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—by Mary Lou Egan, Globeville Historian, for the 2018 Field Guide

Each day, commuters navigate I-70 and I-25 through Denver’s Mousetrap without a glance at the neighborhood below. There isn’t time to read the Polish inscription on the steeple of St. Joseph’s Church or view the tiny homes immigrants built. But Globeville has stories to tell. A little history and a walk through the community will bring them alive.

Globeville was settled between the late 1880s to the 1920s by immigrants from Eastern Europe and Russia, who traded the hardships they had known in the old country for new lives in an industrial town. They found jobs in the area’s smelters, foundries, brickyards, meatpacking plants and railroads and created institutions that would support each other: ethnic taverns, fraternal organizations, churches and religious schools. Everything important—family, jobs, church, school, and fraternal lodges—was within walking distance. People seldom left the neighborhood (or needed to) making Globeville a tightly knit, small town where everyone knew and cared for each other.

These original ethnic groups remained remarkably intact until after World War II, when prosperity and VA loans lured returning veterans to new homes in Denver’s suburbs. The construction of Interstates 25 and 70 displaced more residents and created doubt about the future of the neighborhood. As descendants of the original settlers moved out, Hispanics and blacks took their place, finding jobs within walking distance in the area’s major industry, meatpacking. What remained constant was a sense of respect and neighborliness.

To experience Globeville, exit I-70 at Washington, head north one block, then turn west on 47th Avenue to Logan Street, and park at Argo Park. The legacy of Globeville’s early settlers can be seen in the three churches located on Globeville’s north side, each with a century of memories, as well as lively present-day congregations. Visit parish web sites for hours of worship, and dates of ethnic celebrations.

Carpatho Russians built Holy Transfiguration of Christ Orthodox Cathedral at 349 East 47th Avenue in 1898 (its three bells were a gift of the last czar). The interior glows with icons, and current Orthodox parishioners continue festivals that are an extravaganza of food, entertainment and crafts.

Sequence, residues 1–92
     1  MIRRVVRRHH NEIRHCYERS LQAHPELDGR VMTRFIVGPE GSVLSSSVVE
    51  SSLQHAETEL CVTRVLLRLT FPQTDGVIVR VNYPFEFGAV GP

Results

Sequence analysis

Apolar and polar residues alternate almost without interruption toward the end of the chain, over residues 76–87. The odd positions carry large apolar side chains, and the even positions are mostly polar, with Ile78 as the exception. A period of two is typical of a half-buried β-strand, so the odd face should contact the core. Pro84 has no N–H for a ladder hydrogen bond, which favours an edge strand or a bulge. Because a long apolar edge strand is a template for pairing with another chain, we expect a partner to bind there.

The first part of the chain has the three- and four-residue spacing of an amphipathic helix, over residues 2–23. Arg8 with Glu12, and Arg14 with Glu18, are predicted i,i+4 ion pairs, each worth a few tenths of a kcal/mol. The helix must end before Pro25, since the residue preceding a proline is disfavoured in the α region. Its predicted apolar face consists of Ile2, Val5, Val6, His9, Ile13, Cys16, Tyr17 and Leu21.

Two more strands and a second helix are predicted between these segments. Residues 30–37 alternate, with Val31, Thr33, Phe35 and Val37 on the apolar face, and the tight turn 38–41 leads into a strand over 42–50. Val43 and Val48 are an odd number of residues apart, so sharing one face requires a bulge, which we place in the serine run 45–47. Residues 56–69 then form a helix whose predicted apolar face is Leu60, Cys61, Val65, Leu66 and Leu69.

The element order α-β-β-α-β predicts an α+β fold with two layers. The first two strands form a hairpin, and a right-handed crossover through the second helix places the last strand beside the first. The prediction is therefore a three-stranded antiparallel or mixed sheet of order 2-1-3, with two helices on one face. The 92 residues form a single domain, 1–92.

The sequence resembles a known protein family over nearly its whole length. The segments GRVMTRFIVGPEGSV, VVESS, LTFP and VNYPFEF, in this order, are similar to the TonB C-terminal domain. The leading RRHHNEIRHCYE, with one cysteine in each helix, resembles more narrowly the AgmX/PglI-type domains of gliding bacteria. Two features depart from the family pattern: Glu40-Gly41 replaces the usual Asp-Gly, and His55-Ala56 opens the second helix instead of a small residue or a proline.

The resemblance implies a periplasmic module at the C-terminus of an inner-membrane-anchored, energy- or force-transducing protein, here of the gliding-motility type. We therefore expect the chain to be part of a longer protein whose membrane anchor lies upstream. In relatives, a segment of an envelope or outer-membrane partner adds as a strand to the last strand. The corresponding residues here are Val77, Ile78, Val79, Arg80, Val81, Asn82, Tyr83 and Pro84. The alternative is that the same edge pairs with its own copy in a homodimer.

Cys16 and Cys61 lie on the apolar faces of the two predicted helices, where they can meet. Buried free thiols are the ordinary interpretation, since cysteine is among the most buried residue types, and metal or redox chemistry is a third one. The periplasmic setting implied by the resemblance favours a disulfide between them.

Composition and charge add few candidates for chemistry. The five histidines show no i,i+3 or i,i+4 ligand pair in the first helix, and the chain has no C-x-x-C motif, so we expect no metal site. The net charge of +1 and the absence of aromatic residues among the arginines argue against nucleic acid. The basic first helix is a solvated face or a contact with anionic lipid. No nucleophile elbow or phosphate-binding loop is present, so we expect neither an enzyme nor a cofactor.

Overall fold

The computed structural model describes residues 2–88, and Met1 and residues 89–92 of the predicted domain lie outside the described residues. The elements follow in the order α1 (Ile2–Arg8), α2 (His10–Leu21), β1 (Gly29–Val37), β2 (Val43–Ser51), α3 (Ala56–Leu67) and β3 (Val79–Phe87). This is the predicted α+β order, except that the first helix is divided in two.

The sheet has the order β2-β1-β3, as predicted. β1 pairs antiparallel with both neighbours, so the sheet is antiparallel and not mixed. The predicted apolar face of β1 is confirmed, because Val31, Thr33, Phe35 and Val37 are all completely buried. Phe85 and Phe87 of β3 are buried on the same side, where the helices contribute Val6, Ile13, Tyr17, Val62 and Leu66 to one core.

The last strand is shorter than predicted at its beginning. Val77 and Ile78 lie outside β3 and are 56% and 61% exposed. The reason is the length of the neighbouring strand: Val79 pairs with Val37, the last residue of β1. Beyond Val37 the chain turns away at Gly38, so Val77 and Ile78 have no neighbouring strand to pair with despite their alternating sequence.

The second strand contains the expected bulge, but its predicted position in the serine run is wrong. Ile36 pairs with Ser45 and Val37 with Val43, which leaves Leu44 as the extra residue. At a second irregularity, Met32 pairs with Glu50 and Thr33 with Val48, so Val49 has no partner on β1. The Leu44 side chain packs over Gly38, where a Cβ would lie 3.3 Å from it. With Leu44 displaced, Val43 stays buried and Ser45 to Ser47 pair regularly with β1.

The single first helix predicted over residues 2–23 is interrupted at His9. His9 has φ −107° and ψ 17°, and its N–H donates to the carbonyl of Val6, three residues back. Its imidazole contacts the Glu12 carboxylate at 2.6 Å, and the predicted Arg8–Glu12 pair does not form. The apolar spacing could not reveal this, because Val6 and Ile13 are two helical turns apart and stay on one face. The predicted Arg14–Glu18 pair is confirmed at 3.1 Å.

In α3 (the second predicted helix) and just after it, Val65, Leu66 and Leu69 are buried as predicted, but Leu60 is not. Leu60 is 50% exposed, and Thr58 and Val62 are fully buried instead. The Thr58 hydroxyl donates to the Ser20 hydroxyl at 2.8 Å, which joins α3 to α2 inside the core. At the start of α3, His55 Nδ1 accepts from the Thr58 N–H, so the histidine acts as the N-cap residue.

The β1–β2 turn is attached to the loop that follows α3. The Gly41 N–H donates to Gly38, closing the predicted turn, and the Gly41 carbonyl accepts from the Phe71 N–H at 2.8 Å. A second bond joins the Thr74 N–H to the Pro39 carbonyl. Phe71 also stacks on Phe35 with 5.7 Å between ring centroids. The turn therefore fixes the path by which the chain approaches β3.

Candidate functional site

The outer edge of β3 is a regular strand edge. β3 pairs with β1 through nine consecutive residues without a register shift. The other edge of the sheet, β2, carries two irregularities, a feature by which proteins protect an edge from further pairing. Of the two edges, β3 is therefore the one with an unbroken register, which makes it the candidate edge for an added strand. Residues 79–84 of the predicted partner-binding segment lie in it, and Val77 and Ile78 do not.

Poles built St. Joseph’s Polish Catholic Church at 517 E. 46th Avenue in 1902, and recent arrivals from Poland augment the congregation. The parish hosts feasts, concerts, processions, Polish food, beer, crafts and Krakowiacy Dancers.

In 1920, Slovenes and Croats dedicated Holy Rosary Parish at 4688 Pearl Street. Slavic images adorn the church interior and both Slavic descendants and Hispanic parishioners host diverse events.

Cross to Globeville’s south side by walking along Lincoln Street where artists have used I-70 as a canvas for their vibrant murals.

Globe Hall at 4483/4485 Logan Street occupies the home of St. Jacob’s Croatian Fraternal Union, founded in 1894 to provide sick and death benefits to immigrants. Here Maximilian Malich, “the King of the Slavs” ran the tavern, arranged loans, sponsored immigrants and found jobs for them. Today, Globe Hall offers great Texas barbeque, beer and bands.

At 321 E 45th Avenue, Fort Greene (above) replaced a former Slavic watering hole, the Portulaca, but has maintained the vintage vibe with tavern food and cocktails.

All streets feature the small houses, barns and sheds built by immigrants (below), as well as the grottos, whirligigs, and sculptures constructed by current residents.

Any community that has existed since 1891 has seen a lot of changes. Today’s residents hope to maintain what makes their community special: A diverse ethnic heritage, affordable homes, blue-collar work ethic, and small-town neighborliness.

Mary Lou Egan is a fourth generation Coloradan, Globeville evangelist and historian. Her grandparents settled in Globeville in 1902 and her interest in the neighborhood stems from listening to their stories. She hopes to get her history of Globeville published soon. (Photos by Mary Lou Egan)